Review by Choice Review
In recent years, colleges and universities have raised their tuition substantially, while public financial support of college students has declined. McPherson examines how these two trends have affected the behavior of college applicants, their families, and the schools to which they apply. The authors conclude that "... the group most likely to be placed at risk ... is ... low-income students who do not have the strong qualifications needed to qualify for selective private colleges." The book contains two especially worthwhile discussions: the first looks at how colleges have come to regard their financial-aid packages not as charity to needy students but rather as a means to attain strategic institutional goals (e.g., to maximize tuition income or to increase students' academic ability). The second considers the financial and ethical implications of the increased awarding of merit-based financial aid--aid based on applicants' accomplishments and attractiveness to the institution, instead of on their financial needs. An important book for collections serving general and academic readers at all levels and professional educators. D. S. Webster Oklahoma State University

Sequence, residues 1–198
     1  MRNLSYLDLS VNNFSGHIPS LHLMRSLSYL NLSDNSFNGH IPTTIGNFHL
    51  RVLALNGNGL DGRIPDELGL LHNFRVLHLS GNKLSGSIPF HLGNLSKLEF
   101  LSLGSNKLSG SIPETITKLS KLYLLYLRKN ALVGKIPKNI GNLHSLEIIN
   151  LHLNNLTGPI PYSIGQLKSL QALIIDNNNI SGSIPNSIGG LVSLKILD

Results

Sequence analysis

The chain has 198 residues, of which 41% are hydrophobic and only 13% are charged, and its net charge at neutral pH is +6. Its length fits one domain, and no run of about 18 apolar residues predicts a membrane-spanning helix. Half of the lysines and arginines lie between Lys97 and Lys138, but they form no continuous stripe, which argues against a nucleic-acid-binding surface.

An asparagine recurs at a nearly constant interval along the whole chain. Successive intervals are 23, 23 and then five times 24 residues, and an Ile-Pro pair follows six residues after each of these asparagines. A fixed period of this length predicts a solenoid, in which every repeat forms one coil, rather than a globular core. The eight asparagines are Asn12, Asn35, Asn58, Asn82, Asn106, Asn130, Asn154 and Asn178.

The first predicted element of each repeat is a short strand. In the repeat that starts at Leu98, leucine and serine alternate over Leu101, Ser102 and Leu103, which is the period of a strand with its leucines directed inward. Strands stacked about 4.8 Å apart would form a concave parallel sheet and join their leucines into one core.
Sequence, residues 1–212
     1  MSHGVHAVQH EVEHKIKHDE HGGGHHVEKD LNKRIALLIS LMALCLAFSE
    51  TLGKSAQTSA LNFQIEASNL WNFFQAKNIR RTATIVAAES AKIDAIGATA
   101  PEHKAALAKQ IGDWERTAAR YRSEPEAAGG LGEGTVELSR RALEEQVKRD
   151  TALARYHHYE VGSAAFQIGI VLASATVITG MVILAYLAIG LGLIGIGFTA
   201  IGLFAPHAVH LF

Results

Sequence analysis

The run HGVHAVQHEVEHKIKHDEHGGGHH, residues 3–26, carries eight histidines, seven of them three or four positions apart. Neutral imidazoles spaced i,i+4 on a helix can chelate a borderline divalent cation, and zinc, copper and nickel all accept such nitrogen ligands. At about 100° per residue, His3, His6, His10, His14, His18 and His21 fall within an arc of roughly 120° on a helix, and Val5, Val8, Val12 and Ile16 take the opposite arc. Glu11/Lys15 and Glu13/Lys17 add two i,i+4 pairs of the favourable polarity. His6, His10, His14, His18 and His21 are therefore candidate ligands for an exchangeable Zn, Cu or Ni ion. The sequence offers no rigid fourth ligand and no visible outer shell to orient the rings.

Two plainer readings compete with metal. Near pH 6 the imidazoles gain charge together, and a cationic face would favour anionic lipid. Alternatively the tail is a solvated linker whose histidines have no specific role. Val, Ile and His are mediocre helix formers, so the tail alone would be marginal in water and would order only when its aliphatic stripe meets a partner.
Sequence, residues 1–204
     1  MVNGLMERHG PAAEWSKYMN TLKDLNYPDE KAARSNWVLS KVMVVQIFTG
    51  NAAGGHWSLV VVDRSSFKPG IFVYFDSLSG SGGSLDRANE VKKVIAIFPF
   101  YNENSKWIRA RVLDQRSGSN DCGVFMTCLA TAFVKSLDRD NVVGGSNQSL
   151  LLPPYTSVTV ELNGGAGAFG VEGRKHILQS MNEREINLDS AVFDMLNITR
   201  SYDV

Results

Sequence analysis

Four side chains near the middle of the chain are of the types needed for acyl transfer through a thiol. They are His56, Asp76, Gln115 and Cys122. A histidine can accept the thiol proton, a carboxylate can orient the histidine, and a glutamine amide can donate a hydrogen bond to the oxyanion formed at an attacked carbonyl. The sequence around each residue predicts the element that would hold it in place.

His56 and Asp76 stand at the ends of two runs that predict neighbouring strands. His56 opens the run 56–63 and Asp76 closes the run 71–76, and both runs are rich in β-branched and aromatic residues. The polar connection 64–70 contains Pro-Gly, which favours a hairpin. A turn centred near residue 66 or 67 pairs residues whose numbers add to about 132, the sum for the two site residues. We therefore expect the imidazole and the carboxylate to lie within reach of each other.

Copyright American Library Association, used with permission.